In her presentation at the 2019 Potato Association of America Annual Meeting in Winnipeg, Man., Carrie Wohleb, an associate professor and a potato, vegetable and seed crops specialist with Washington State University (WSU) Extension, will be sharing the results from a monitoring network in Washington State that tracks potato psyllids (Bactericera cockerelli). These little flying insects are the vector for Candidatus Liberibacter solanacearum, the bacterium that causes zebra chip disease.
Zebra chip was first documented in Mexico in 1994 and has been spreading ever since; it recently touched Canada. This disease can result in major yield losses, and the tuber symptoms include brown flecks that turn into dark blotches and streaks when the potatoes are fried, making the tubers unmarketable.
“In 2011, we had our first outbreaks of zebra chip disease in the Columbia Basin of Washington and the Pacific Northwest — Washington, Idaho and Oregon,” says Wohleb.
“In Washington, a couple of potato fields were pretty much destroyed. That’s a huge loss after you’ve put everything into the crop only to lose it all at the very end. And we were also finding symptomatic tubers here and there in other fields.”
The monitoring program was established in 2012 to help Washington researchers and growers figure out how to tackle this potentially devastating disease.
The program tracks potato psyllid populations across the Columbia Basin using a network of yellow sticky cards. It also tests all of the collected psyllids to see if they are carrying the bacterium. And it includes some leaf sampling to see if the bacterium has been transferred to plants. The program is funded by the Washington State Potato Commission.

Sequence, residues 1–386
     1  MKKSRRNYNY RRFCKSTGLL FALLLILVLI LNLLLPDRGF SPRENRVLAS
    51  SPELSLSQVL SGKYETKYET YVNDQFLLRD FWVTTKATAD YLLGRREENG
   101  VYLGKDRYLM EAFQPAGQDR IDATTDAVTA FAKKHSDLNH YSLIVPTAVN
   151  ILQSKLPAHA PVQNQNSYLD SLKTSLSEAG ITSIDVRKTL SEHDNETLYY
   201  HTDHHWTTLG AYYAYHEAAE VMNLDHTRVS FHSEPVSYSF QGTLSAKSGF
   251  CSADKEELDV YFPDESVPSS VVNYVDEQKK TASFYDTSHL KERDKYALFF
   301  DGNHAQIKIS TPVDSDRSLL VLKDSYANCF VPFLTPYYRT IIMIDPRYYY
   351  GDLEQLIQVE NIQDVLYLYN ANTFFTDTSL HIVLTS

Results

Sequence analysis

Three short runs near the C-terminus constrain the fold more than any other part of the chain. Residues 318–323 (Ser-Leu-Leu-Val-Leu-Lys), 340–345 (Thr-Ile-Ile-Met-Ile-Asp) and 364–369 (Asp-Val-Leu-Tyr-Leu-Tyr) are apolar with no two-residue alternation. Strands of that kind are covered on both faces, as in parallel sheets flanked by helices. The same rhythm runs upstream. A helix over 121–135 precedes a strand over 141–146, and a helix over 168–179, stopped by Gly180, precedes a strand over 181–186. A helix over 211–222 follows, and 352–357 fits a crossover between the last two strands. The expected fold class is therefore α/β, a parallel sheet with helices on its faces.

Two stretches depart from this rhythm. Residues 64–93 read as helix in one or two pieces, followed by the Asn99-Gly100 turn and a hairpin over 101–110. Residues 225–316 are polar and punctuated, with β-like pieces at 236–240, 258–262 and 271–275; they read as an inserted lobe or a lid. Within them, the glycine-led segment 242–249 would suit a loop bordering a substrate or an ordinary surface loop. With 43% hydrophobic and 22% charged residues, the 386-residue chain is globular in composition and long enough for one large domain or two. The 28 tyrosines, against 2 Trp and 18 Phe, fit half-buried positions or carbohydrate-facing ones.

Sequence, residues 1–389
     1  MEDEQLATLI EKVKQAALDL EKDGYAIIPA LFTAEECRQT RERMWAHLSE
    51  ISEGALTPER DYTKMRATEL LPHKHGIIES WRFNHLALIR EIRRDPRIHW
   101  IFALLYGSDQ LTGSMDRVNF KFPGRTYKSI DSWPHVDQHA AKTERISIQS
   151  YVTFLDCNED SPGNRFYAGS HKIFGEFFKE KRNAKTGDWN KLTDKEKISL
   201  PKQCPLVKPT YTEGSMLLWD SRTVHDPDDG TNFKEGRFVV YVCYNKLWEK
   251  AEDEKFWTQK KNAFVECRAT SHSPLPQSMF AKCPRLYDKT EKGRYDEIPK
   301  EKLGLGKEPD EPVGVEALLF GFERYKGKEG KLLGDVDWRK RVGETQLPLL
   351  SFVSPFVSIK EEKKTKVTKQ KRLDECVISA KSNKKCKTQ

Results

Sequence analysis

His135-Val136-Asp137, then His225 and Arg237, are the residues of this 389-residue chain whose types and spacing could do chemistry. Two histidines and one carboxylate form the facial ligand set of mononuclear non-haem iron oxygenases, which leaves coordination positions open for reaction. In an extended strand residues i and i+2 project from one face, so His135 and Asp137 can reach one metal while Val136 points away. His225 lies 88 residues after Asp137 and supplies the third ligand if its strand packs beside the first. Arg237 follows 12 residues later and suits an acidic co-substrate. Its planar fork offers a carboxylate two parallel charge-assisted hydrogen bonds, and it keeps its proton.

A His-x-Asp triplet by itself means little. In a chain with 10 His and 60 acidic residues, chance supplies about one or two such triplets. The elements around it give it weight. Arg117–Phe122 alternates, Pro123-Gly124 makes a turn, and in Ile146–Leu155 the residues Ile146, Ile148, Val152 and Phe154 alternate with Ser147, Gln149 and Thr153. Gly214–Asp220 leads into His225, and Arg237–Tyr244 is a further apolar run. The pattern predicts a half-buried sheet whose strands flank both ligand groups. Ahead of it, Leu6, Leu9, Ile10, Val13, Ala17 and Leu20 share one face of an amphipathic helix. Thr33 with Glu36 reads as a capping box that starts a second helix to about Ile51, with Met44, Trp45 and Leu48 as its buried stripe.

“The findings from our psyllid monitoring program are shared every Friday in our e-newsletter, called WSU Potato Pest Alert,” says Wohleb. “The potato growers here are very interested in our results every week.”
The newsletter’s weekly psyllid distribution maps provide an early warning system; if growers are in an area with high psyllid numbers, they can step up their own on-farm monitoring efforts or apply insecticides if needed (email firstname.lastname@example.org to subscribe to the newsletter).
One of the intriguing findings that Wohleb will be discussing in her PAA presentation is the huge fluctuation in the size of the Columbia Basin potato psyllid population from year to year. She adds, “We see some zebra chip every year, but we haven’t had any major outbreaks since 2011. I’ll probably talk about some of the reasons why we think that is.”
The ongoing monitoring effort is helping Wohleb and her research group put the weekly data into a firmer context, so they can more accurately say what a small, moderate, or large psyllid population looks like, and better understand the threat of different Liberibacter infection rates in the psyllids. Currently, only about 0.14 per cent of the psyllids in the Columbia Basin have been infected with the bacterium. In some other regions, psyllid infection rates have sometimes been much, much higher, and those higher rates have been linked to higher incidences of zebra chip in potato crops.
Wohleb says, “In the future, we hope to be able to predict exactly where and when zebra chip is going to occur in the Columbia Basin so growers can target the psyllids using an intensive management program when the psyllids are likely to cause problems, and can save their money and not waste applications when the risk is very low.”
Canadian monitoring has found small numbers of potato psyllids in western Canada, mainly in Alberta. And in 2017 in Alberta, a handful of infected psyllids and a single example of infected potato tissue were found. Monitoring for potato psyllids and zebra chip is continuing in Alberta.